So, after a month I have joined many groups, I write a heap of emails and posts everyday – even my blog which is fun but doesn’t seem to help with the original problem – I understand a little more of what is required so I know that there’s no way I can do it -I promise this is the last one of those – and I still haven’t written anything towards the next book.

So, am I a marketer or a writer? The answer has to be… BOTH. Perhaps the real issue is time management? Arrrh, no more issues!

I’m Going Mad but I love It!

As the title suggests, I’m rapidly going mad! Trying desperately to get a handle on all this social media stuff, trying to make sure that my blog, my website, my social media thingies are all up and running, flowing along, saying ( and doing ) what they are supposed to. I’m reading stuff on how to improve my blogging, my twittering, my linking in and my website – most of which is too technical so I can’t understand a word of it.

The upside is that I am making heaps of friends – such a lovely idea and I feel like a guru with all my followers! This is very cool, if very confusing but I am happily stumbling through it all in a daze of fuzzy feel good vibes on a sea of support and good wishes.

Thanks everyone, you have each made a difference to my world 🙂 

Stories for Babies? Absolutely!

‘ You can’t read stories to babies, they don’t do anything’!  I ask you, are you as shocked and saddened by this question as I am – I really hope so.

I love telling stories to babies ( and by babies, I mean 0-12 months  – or ‘non walkers’). I enjoy sharing books, songs, rhymes, puppets and toys with them. Storytelling allows babies to explore, develop and extend new skills in the areas of gross and fine motor skills, social emotional skills plus being able to experiment with a variety of sounds through the use of a variety of musical styles and instruments. I use puppets and toys to enhance interactivity and sing songs and rhymes over and over again to allow for familiarity. Babies are far more ‘switched on’ than they are given credit for! They remember cues, specific songs and tunes, items that require a particular reaction and are able to act accordingly.

For book stories, I prefer large, brightly coloured picture books – preferably pop up or lift the flap books as they work so well to focus their attention. Babies readily respond to familiar sounds and verbal cues. When telling book stories, I use a specific phrase in order to gain attention. My phrase is simply ‘ are you ready’? I say this slowly, fairly loudly in order to gain their attention and then immediately open the flap or pop up section as they are in the act of turning in my direction. Babies are then presented with a picture to look at as they look at me. Since I use the phrase every time we have a session with books, babies become accustomed to it and will actively participate in the action of the story. Over time, storytelling becomes a familiar activity, their focus and attention spans improve and it’s amazing how much interaction they are able to achieve. I have seen many wonderful, talented storytellers in action who all utilise different cues, including : ‘look now’, ‘here it is’ ‘ open your eyes’ and ‘WOW’! Whatever phrase is chosen ( or dreamed of ), the important thing is to say it every time a book is used – familiarity is the key.

Babies happily accept and react to familiar songs and rhymes, don’t forget that many mums sing them at home, and these may be further extended with the use of musical instruments, soft toys and puppets.Babies are very tactile, they learn through all their senses. Sight, sound, touch, smell and taste are all vitally important for babies as they learn and grow. These interactive  and tactile tools allow them to explore familiar activities through all their senses ( so don’t worry if they suck on the toys and puppets, they can be washed ). If a soft toy is gently rubbed across their cheek as you all sing ‘soft kitty’ it highlights the song and allows babies to explore it in a different way. Music  ( I use bells )allows them to ‘hear’ the ‘Twinkle, twinkle little stars’. There are so many, many, ways to expand experiences through storytelling with babies.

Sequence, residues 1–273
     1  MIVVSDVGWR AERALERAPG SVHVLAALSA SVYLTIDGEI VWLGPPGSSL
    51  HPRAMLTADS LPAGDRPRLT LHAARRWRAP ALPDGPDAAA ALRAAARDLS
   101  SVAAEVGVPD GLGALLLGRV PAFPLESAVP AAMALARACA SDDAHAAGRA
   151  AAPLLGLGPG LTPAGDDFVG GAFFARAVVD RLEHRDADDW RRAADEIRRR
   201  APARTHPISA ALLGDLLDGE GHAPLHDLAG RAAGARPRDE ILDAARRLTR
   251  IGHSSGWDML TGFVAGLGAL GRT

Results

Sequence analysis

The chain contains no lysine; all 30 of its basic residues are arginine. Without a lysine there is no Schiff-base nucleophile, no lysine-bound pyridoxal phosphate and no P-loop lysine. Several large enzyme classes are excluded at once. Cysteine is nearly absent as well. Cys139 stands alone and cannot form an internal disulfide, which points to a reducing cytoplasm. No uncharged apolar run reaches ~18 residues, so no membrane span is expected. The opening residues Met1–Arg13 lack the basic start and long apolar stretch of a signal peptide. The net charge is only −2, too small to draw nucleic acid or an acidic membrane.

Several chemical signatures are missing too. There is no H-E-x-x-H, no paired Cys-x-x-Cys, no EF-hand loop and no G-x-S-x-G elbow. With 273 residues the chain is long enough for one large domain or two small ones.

Another aspect of storytelling with babies is the experience and social gains that parents and caregivers are able to achieve. Networking opportunities, asking questions of other parents in a safe and easy setting, the chance to get out of the house on a regular basis or, in my case, the chance to use words over one syllable! Don’t under estimate the importance to mums of storytime sessions – after all, their happiness and well being directly impacts their baby’s happiness and well being.

As a true believer of the concept of sharing, I am always happy to answer questions, provide suggestions and generally assist where I can. Remember, its  all supposed to be …. just good fun!   

Stories, Stories Everywhere!

I was 20 when I was literally thrust into the world of storytelling. The incumbent was leaving and since no-one else was volunteering, my boss went for the ‘last in, you’re it’ delegation method!

Where do I start? This was my instant, panic stricken thought, at the idea of having to present pre-school storytelling sessions twice a week in a library setting. I had no resources, no experience with small children and no chance of getting out of it!

What I discovered was a passion for storytelling, theatrics and really loud ( and bad ) singing. I love watching little faces captivated by puppets, laughing at limericks and books, helping to put feltboard pieces up and then chasing them when they blow away.

Since that first frightening time, I have collected and collated many resource folders ranging from rhymes, songs, feltboards, craft templates and storytelling themes that have supported me, my colleagues, university students and community groups over the last twenty years.

Over the years, I have perfected storytimes for babies 0-12 months, toddlers 1-3 and groups with a variety of ages. I have told stories to 1 child, 30 children and family groups over 100 ( always fun ).   

I am a firm believer in sharing, particularly with those just starting out – I remember the fear of having nothing to fall back on and wouldn’t wish that on anyone. Every storyteller should be comfortable, unafraid and ready to have as much fun as they hope the children will.